You’ve seen your dream job listed in a newspaper, magazine or on the internet, you’ve sent off your CV and now you received a call to come in for an interview. But what are the things your potential employer judges you on during that interview? Consider the following aspects the next time you prepare for an interview:
“Don’t judge a book by its cover”
Interviewers are only human, and it is a natural human instinct to automatically (and subconsciously) judge others, whether it is by the way they dress, the car they drive or even how they walk. And the fact of the matter is, more often than not, you will be judged by the way you dress for an interview. Articles on the internet or in magazines about how to dress for an interview have become cliché; however there is reason things become cliché – because they are rooted in fact. So, even if the work you are interviewing for has a relaxed and casual environment, dress professionally. That means no t-shirts, no raggedy jeans, no sneakers or running shoes and definitely avoid extravagant fashion trends such as neon and cropped tops.
“Talk is cheap”
The interviewer might sit there with a smile on their face, but usually its fake and just there to lull you into a false sense of security; and all they are actually doing is thinking about how you are making a fool of yourself for trying too hard to sound intellectual. Remember the way you present yourself is your brand and it goes more than skin deep; looking professional is not the only factor for a successful interview- the language you use also matter. You do not need to speak in such a way that people will think you just swallowed a dictionary, but at the same time refrain from using crass language or the latest slang terminology. Remember, you are being judged by each person you meet at your interview – and their feedback (positive and negative) will be asked for, and taken into account when it comes to the final screening process.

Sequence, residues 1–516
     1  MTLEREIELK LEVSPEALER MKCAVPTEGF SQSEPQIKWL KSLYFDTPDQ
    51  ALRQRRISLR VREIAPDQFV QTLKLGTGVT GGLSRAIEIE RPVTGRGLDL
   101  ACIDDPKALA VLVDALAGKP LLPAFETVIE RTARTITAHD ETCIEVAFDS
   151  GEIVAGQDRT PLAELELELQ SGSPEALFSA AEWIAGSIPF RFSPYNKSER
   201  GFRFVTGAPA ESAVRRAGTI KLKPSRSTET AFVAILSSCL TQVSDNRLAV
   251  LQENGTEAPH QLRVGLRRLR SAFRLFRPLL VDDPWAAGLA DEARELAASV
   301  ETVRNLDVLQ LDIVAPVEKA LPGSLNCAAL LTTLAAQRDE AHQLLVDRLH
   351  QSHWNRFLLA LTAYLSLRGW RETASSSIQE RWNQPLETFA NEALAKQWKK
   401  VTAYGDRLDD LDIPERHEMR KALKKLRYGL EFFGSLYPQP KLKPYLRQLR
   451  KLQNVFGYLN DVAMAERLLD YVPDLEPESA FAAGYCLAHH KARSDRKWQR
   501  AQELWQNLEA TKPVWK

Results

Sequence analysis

“Story of my life”
Closely related to the language you use in an interview, is your ability to answer the questions they ask you clearly and concisely. When an interviewer or potential employer ask you to tell them more about yourself it is not a platform to for you to voice your life story from beginning to the present. What they actually want to hear when they ask that question is how you came to be interested in the job you are applying for, what your skills are and how those skills are related to the job. They do not care about your Grade 2 debate diploma or your self-taught martial arts skills, unless they are directly related to the job you are applying for. All the interviewer secretly want is for you to present your work-related skills and experience concisely so that they can determine if they should ask follow-up questions.
“Standing out from the crowd…”
…or just the rest of the interviewees. What they won’t tell you is that the job is yours to lose. Meaning your CV must have credentials they really liked or you wouldn’t be going for the interview. It is simple fact that people want to work with others that they like and who have similar qualities and traits. This doesn’t mean you should change your personality, but try to engage more, by asking questions and following up with them after the interview. They will secretly like that and that might go a long way in getting positive feedback from the company you are applying to.